I’m confident I’m a pretty good shot. I’ve taken a few different classes and done well. At the range, I can put up a good group on a target at different ranges. However, after my first and my second hunt and now my first local match, I realize I’ve got a lot to work on and learn about.
In environments where your target is not stationary, distances are not predetermined, and under some pressure, your skills are really put to the test. Every skill – and I mean every skill – like the draw, target acquisition, sight picture, sight alignment, trigger pull, and shot placement is put to the test. All the gear in the world won’t help in these situations… it’s all about the fundamentals.
Full disclosure – I came in dead last in my division. However, it’s yet another thing I will do again (and again) to help sharpen up shooting skills. If you’ve never shot a local match, you owe it to yourself to do it. It’s fun. It’s challenging. It’s an opportunity to find out how good you really are and identify areas to improve. It will make any shooter better. But be warned, it can be a humbling experience.
The people I met were amazing (as expected from other folks I’ve met in shooting sports). They were welcoming. Offered advice when I asked for it. While everyone was competitive, everyone was willing to lift me up and help me improve. Not a single person boasted or tried to inflate their ego at my expense. I like these sorts of folks.
My set up
It doesn’t take a ton of gear to get started, have fun, and start improving. But you do need a couple of things. You will need:
- A handgun,
- three (3) or more magazines,
- a holster – I suggest an outside-the-waistband (OWB) holster,
- two mag pouches/holders/holsters,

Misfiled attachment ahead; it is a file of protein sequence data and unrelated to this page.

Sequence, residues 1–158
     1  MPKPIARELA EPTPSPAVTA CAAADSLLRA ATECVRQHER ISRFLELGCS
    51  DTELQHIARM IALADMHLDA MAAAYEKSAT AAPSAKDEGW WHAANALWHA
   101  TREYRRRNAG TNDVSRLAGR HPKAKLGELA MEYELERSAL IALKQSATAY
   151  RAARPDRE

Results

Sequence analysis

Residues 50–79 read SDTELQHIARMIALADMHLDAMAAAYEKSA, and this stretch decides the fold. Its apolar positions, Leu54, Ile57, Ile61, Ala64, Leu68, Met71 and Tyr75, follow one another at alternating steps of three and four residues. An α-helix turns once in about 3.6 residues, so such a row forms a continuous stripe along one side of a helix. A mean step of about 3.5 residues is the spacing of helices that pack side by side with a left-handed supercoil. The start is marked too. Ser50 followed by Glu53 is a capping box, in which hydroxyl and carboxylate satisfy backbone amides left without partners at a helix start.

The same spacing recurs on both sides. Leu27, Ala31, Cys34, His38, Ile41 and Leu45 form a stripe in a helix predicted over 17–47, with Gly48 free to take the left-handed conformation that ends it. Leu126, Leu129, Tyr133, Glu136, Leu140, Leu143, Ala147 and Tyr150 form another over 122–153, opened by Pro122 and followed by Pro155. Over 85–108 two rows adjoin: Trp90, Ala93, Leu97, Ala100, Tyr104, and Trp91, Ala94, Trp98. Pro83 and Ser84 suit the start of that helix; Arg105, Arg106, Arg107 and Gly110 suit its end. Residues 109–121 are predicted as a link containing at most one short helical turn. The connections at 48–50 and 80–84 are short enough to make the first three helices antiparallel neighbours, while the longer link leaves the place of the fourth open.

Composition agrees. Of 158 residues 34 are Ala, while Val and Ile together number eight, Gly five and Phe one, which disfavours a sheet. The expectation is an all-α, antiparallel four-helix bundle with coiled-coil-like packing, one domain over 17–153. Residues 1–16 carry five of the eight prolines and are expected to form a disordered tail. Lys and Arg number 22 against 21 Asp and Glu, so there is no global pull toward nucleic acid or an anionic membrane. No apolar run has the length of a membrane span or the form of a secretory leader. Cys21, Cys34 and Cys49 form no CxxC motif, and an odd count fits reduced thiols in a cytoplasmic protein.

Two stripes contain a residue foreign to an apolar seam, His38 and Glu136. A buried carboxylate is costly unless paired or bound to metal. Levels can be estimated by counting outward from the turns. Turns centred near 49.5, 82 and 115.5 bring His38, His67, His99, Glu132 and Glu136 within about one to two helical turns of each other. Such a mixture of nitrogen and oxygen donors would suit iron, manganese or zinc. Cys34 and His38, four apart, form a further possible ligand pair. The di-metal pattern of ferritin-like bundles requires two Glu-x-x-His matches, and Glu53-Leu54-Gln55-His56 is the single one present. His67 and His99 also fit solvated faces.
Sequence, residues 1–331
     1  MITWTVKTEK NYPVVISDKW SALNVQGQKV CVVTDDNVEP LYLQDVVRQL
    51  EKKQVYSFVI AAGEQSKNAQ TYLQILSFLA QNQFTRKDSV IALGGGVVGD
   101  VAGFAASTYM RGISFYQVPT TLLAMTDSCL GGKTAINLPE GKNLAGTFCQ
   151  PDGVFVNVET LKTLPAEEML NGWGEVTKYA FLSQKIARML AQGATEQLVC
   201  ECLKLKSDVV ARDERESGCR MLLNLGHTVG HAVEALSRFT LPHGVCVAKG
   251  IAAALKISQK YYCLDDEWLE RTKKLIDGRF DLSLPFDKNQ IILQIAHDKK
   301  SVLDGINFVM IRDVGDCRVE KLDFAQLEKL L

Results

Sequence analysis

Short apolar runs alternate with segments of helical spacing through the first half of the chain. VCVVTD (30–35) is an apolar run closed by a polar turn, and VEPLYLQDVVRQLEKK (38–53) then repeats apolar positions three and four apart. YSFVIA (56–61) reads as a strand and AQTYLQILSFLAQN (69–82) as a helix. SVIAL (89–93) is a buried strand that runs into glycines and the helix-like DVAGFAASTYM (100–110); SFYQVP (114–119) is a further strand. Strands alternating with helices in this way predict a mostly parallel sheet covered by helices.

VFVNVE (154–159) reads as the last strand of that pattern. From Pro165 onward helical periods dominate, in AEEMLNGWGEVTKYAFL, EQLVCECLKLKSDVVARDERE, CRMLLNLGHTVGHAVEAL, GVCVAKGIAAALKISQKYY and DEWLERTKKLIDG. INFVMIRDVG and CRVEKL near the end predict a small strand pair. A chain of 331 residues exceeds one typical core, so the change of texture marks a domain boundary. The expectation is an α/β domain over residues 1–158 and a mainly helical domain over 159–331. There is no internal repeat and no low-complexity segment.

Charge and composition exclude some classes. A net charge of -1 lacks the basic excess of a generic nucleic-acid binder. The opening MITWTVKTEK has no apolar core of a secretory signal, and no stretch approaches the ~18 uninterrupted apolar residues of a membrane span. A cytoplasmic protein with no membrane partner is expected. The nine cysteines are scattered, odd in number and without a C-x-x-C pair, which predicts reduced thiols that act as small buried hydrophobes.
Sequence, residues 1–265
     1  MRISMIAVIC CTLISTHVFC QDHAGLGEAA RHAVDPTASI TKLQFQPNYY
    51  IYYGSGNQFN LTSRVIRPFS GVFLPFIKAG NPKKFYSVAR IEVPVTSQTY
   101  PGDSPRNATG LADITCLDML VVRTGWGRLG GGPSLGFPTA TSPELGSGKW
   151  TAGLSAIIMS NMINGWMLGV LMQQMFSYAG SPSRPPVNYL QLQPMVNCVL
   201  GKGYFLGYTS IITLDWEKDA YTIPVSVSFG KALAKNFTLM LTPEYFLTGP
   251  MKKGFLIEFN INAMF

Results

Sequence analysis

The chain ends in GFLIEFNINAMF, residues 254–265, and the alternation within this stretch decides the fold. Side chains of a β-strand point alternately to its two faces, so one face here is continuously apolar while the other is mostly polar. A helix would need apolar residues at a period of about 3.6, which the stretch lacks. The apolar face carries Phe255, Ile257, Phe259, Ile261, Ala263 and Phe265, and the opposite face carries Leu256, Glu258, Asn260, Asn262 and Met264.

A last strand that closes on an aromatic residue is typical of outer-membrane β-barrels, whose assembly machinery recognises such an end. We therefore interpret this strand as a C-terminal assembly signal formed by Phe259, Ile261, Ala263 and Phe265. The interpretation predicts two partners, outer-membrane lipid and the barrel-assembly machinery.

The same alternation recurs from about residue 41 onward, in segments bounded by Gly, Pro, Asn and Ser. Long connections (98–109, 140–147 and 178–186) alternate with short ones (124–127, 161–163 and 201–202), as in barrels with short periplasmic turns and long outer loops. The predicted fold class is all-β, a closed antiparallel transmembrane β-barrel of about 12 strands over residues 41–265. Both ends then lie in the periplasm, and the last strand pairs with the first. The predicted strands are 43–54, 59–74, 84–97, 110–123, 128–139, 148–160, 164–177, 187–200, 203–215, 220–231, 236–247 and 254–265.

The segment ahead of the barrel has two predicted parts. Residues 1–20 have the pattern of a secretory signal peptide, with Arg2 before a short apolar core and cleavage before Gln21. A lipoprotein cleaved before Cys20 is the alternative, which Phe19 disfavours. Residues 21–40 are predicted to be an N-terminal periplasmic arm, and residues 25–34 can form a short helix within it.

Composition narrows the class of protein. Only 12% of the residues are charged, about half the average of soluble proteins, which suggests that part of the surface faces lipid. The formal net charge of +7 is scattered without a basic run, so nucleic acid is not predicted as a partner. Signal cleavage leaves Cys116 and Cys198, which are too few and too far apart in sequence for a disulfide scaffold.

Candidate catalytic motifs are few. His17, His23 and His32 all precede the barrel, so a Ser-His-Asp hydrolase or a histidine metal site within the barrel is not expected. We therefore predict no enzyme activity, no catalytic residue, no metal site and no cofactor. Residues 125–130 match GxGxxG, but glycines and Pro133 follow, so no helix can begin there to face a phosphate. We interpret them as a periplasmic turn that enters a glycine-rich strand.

- a sturdy belt,
- eye and ear protection – I recommend electronic ear protection,
- a garment to conceal the firearm and magazines like a vest or a jacket,
- a good pair of shoes,
- comfortable clothing,
- enough ammunition (I used under 100 rounds) – check the match description to make sure you have enough),
- sun block,
- and a good attitude – probably the most important thing.
Other than some comfortable clothes and shoes, water, and sun block – I used:
- Springfield Armory XD(M) in 9mm,
- the holster that came with the XD(M),
- the mag holster that came with the XD(M),
- a Concealment Solutions Python gun belt,
- prescription glasses with polycarbonate lenses and Howard Leight Impact Sport electronic earmuffs,
- 5.11 Tactical TacLite Pro Vest,
- and some American Eagle 115gr 9mm ammo.
I’m going to use the same gear a few more times before I make any changes.
Anyone who owns or carries a handgun for self defense, should take that gun and participate in a local IDPA match. Chances are you already have the gear. It’s a very inexpensive way to test your skills, learn a few things, and have some fun – maybe even meet some like minded folks and make some new friends. Who knows – one may even find a new hobby in competitive shooting?